Do Brits split their bills fairly?

Wondering if you’re getting a fair share from the bills you split in your household? Our latest blog investigates how Brits split their bills and how fair we find it.

Bills can be one of the worst and most frustrating parts of renting or owning a home and can become a lot more confusing if you need to split them amongst family, friends, roommates, or your partner. How do you decide which is the fairest way – by how much you earn, by how much room you have, or just completely down the middle?

In our survey across 1,500 Brits, the discourse around how we decide to split our bills looked at whether we felt that bills were split fairly, how you should decide how to split your bills in individual households, and whether Brits feel it’s fair to split bills based on how much money each housemate makes.

How are Brits most likely to split their bills?

How Brits feel about how much they pay towards bills

To find out what the landscape of bill splitting looks like right now in the UK, we asked our participants how they split their bills in their household, and looked at the split between men and women, and those who live with a partner vs those who live with friends or housemates.

We discovered that 34% of Brits pay all the bills for their household, whilst 37% split their bills equally. Those who live with a partner were most likely to split the bills equally (40%).

22% of women said that their bills were split depending on income, compared to only 17% of men – and 67% of those who live with friends or housemates are also most likely to split the bills evenly, followed by 14% splitting on income. Those who live with dependent family members were the most likely to have one person paying all the bills at 40% whilst those who live with parents are likely to split the bills equally at 38%.

Which factors should determine how much a person should contribute towards the bills?

Factors that should determine how much a person should contribute towards the bills

How to split bills fairly in your house

When you’re sharing a house with other people, whether it’s your partner, a friend, your family, or a group of friends, it’s best to sort out how you want to pay for your bills from the very beginning – it can save you a lot of stress and potential arguments as time passes, so here are our top tips to help make bills less of a hassle:

  • You could use a bill splitting service if there are a lot of different people contributing to the bills – these services take all of the organisation off your hands, and you only have to pay one monthly payment each for every bill you owe.

  • Calculate your combined bill payments for the last month and pay this total into a joint account – this can be if you live with a partner or friend, because at the end of the month, if there is money left over, you can treat yourselves to a takeaway!

  • New couples may find it awkward to set up a joint account together, so having one person pay and the other set up a standing order could work out smoother.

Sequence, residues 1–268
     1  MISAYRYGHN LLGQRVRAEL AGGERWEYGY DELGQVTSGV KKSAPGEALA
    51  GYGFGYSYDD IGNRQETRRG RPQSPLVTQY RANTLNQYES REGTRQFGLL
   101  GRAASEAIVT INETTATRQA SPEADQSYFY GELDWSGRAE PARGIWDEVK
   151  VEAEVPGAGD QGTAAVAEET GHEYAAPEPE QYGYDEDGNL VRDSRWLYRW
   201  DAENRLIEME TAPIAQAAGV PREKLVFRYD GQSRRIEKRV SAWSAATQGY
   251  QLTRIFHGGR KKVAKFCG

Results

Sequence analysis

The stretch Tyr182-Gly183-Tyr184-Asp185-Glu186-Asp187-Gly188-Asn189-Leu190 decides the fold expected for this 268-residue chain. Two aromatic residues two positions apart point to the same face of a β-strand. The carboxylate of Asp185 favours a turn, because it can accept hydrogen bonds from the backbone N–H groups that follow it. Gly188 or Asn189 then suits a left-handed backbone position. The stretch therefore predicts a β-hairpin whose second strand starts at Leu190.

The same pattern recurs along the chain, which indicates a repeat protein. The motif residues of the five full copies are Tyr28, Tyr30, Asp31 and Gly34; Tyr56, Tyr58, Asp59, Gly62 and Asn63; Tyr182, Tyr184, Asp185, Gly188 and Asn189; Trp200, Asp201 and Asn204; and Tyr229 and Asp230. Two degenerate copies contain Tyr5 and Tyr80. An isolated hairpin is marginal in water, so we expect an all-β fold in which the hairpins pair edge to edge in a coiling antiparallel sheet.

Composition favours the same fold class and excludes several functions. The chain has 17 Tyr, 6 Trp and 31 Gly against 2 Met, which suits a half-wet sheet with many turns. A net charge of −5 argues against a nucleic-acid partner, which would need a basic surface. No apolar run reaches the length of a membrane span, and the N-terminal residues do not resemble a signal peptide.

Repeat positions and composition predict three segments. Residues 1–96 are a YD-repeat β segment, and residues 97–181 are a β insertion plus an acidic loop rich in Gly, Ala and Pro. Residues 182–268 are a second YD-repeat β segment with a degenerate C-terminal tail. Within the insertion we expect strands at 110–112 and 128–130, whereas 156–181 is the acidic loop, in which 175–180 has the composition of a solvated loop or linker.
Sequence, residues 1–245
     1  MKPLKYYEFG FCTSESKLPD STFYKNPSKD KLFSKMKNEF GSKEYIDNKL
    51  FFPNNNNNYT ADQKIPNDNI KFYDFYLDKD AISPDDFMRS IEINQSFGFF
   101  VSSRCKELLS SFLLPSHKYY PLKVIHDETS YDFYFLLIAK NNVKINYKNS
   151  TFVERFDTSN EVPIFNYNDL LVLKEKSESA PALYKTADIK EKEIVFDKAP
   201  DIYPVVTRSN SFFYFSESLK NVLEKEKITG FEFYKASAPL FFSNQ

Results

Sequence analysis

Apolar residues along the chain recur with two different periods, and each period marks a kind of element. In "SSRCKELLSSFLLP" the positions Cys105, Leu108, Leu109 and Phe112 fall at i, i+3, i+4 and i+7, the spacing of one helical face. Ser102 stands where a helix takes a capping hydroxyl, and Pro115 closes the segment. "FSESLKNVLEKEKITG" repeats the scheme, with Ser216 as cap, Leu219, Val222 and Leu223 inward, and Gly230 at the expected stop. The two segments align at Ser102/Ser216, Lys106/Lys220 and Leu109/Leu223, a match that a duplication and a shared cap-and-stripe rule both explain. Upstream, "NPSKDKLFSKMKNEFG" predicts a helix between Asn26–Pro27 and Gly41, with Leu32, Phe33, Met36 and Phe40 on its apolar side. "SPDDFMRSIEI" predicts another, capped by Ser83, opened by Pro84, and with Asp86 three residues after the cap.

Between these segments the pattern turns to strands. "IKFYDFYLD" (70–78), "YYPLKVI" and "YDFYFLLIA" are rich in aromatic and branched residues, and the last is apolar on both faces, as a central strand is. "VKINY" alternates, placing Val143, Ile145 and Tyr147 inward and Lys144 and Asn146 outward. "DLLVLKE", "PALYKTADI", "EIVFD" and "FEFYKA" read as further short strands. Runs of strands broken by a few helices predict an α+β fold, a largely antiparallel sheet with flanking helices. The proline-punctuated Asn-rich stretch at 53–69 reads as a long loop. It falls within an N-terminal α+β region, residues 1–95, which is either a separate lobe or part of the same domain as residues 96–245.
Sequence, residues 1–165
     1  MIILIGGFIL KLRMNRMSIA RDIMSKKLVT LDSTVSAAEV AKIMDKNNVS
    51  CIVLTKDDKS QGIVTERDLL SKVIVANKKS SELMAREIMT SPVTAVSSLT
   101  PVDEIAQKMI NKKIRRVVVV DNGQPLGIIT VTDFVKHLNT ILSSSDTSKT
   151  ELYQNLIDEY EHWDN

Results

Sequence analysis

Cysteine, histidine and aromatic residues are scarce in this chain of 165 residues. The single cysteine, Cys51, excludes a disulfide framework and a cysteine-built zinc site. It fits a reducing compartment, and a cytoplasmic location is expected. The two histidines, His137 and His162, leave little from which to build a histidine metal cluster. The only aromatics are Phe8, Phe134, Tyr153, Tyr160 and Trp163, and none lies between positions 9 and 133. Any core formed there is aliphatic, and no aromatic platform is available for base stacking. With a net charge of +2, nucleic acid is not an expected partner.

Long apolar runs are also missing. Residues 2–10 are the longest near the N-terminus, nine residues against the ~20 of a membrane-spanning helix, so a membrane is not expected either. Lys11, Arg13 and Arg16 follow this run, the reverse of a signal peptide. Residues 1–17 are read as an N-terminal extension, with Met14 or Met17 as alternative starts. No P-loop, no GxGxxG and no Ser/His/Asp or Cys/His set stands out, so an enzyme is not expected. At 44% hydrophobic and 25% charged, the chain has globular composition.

• Differentiate between rent and utilities – you all likely share the utilities equally, but some people may have a larger room, or an ensuite bathroom, or they might have work while another housemate does not. You can always reference back to your renting contract to figure out what rent portions people should be paying, or discuss this with the landlord.

So, you’ve nailed down how you think you should approach paying your bills, but how are you going to split the payments? Here are our three best ways to split bills:

1. Equal amounts

Creating equal payments across your household works best in households where everyone is in similar positions economically – e.g., all students, or all working professionals, and if there are fewer rooms.

2. Income-based

Splitting your bills based on how much different house members make can also work well for some households, although you should ensure that everyone is comfortable with this method and disclosing how much they make. This method works best for those who have a significant difference in their income – any more than £10,000 of difference should be worth considering this way of bill splitting.

3. By room

In a larger house with multiple rooms, paying by the quality of room that you have is often the best method for ensuring everyone feels like they’ve been treated fairly. You will need to determine which amenities will cost more, such as having more space, having a nicer view, being on a quieter side of the house, or if you have more amenities like built-in wardrobes or an ensuite that others don’t have. This rent calculator by Splitwise is particularly helpful for figuring out which space should cost more – just replace the dollar signs with pound signs!

Splitting your bills shouldn’t have to be a hassle, and by following these steps, hopefully you can have an open and easy conversation with your housemates or partner that will suit everyone. Check out more money saving tips and hacks from Moneyboat to find information on how to work to a budget, how to have a cheap night out and more.

Representative Example: Borrow £400 for 4 months, 4 monthly repayments of £149.37. Total repayment £597.48, interest rate p.a. (fixed) 255.5%. Representative APR 939.5%.
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Representative Example: Borrow £400 for 4 months, 4 monthly repayments of £149.37. Total repayment £597.48, interest rate p.a. (fixed) 255.5%. Representative APR 939.5%.Compare Moneyboat loans.

Warning: Late repayments can cause you serious money problems. For help, go to

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